Safety of Navigation

The harbour limits of the Ports of South Wales, are defined formally in the relevant British Transport Docks Acts 1972, and encompass areas as shown on Admiralty Charts 1161 and 1182. Within these areas Associated British Ports (ABP), the owner and operator of the Ports of Swansea, Port Talbot, Barry and Cardiff, is the Statutory Harbour Authority, the Competent Harbour Authority and the Local Lighthouse Authority with responsibility, respectively, for safety of navigation, pilotage and fixed and floating aids to navigation. In the River Usk these functions are provided by Newport Harbour Commissioners.

With several thousand shipping movements recorded annually it is essential that commercial and leisure interests coexist within the harbours in absolute safety. To achieve this objective, in addition to the statutory requirements of the International Regulations for Preventing Collisions at Sea 1972 (as amended), the various port bye-laws, and all applicable maritime legislation, the following guidance is given to persons with specific responsibility for small vessels [1]:

  • Keep clear of the main shipping channel when commercial vessels are approaching or departing.

  • Keep to the edge and avoid navigating in the deep water in the centre of the channel. If it is necessary to cross a channel do so as quickly as possible and at a right angle.

  • Do not anchor or wait (underway but not making way) in the approaches or the main shipping channel. In Cardiff this requirement is of particular relevance to small vessels waiting to enter Cardiff Bay Barrage Outer Harbour.Avoid approaching too close to commercial vessels. A ship's master on the bridge wing on one side of a large ship can quickly lose sight of a small vessel passing down the ship's opposite side. Even on a relatively small commercial vessel a master will be unable to see a small vessel crossing his bow at a distance of less than 500 metres. Be aware that commercial vessels can not stop or turn quickly and may, because of their draught, be extremely limited in their ability to manoeuvre.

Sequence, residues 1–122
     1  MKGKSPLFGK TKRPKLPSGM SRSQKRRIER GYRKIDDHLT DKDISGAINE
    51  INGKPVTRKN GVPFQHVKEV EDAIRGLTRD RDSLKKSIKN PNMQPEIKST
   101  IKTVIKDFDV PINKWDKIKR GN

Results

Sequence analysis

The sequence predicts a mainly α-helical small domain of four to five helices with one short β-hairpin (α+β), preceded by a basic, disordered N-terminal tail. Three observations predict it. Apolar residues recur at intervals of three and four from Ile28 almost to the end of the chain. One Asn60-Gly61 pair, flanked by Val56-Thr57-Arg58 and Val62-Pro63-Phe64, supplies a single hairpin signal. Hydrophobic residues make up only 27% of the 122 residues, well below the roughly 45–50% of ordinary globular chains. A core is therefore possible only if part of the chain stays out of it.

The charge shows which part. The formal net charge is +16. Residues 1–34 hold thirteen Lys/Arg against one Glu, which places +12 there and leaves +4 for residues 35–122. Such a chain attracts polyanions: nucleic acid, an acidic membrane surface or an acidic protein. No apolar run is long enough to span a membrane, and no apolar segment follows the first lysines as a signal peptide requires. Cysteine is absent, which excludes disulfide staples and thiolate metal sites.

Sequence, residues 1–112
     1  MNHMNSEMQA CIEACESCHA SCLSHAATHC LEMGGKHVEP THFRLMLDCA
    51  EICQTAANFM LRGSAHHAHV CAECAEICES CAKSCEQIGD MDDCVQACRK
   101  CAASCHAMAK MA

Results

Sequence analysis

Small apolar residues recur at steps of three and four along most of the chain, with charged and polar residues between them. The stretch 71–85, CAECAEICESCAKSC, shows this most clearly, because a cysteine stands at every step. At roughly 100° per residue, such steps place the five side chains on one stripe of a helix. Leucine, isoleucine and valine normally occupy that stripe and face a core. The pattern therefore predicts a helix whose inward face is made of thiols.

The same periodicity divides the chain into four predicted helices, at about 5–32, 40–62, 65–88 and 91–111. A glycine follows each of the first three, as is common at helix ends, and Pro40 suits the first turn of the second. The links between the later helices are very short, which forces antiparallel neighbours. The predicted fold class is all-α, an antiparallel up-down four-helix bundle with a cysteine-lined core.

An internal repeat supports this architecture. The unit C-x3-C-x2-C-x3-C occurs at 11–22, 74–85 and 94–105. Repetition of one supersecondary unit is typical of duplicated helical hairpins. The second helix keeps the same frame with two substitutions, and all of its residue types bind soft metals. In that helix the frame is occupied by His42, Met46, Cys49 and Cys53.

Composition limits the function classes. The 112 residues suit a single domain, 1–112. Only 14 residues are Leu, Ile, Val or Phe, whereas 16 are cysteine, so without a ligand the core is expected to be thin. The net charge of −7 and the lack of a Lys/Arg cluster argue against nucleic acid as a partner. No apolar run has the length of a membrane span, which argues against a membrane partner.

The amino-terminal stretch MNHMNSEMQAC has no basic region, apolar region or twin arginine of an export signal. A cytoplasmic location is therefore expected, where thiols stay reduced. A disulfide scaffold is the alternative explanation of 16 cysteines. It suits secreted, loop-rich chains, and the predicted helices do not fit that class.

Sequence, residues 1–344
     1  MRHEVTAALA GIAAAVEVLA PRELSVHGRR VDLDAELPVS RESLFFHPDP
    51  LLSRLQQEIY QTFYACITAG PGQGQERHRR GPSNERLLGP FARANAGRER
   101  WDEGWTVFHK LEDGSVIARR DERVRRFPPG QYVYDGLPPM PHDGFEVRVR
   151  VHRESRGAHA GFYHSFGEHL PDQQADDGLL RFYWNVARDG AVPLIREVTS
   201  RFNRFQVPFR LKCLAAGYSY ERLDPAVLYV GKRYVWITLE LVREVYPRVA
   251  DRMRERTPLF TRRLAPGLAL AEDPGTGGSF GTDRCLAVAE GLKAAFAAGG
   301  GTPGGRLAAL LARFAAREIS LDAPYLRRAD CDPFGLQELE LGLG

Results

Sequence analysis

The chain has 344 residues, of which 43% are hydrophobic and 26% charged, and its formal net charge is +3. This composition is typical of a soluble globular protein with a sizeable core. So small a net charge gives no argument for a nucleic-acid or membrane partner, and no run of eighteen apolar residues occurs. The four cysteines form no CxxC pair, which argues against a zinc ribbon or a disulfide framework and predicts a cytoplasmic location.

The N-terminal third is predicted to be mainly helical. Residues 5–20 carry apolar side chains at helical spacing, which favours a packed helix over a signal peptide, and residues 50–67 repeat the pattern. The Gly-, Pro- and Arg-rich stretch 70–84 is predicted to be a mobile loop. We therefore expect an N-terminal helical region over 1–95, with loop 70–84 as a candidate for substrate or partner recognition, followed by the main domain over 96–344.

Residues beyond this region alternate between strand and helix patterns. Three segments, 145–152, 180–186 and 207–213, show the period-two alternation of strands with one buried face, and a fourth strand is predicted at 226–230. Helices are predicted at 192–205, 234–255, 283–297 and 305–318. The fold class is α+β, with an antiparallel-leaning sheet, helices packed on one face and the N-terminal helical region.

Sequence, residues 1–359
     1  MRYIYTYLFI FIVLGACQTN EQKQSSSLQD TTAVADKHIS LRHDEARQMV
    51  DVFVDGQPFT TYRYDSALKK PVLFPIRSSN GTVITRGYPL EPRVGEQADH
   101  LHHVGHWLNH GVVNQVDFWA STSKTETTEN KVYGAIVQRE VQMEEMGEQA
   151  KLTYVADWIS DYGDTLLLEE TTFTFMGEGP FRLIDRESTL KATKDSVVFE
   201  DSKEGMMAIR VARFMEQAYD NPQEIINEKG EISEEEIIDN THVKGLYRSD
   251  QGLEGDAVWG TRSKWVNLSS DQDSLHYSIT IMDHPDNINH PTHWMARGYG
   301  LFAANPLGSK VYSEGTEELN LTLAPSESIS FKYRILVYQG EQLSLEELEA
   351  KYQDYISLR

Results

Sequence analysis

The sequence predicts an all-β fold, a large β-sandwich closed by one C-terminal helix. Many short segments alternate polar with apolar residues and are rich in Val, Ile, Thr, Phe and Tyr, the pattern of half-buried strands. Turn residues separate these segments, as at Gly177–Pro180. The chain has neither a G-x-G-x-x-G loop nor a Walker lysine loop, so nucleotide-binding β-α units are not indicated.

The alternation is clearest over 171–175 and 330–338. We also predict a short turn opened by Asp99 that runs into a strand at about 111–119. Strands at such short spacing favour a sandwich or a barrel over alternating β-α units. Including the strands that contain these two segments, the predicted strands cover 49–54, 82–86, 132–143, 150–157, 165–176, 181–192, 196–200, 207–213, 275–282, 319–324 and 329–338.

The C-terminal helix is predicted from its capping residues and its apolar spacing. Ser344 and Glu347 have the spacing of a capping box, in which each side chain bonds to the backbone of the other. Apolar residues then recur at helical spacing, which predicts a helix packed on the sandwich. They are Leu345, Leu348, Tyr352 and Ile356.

• Be aware that the tidal streams within the harbours can be extreme. The Bristol Channel has one of the highest tidal ranges in the world.

  • Be aware that commercial vessels may have attendant tugs working some distance from the vessel, and that tugs can, and frequently do, travel sideways as well as ahead and astern.

  • Notify South Local Port Services of any incident, close quarters situation or accident observed or experienced within any of the harbours and any defective aid to navigation. Local Port Services may be contacted on VHF ( details avaliable in ALRS Voume 6 part 1 ) or by telephone on 0845 6018870

  • Be aware of the content of all local Notices to Mariners promulgated by ABP by checking club notice boards and on
    1] "small vessel" means any vessel of less than 20 metres in length or a sailing vessel and for the purposes of this definition "sailing vessel" means a vessel designed to carry sail, whether as the sole or as a primary or supplementary means of propulsion. 2] Please note that all calls to this number are recorded.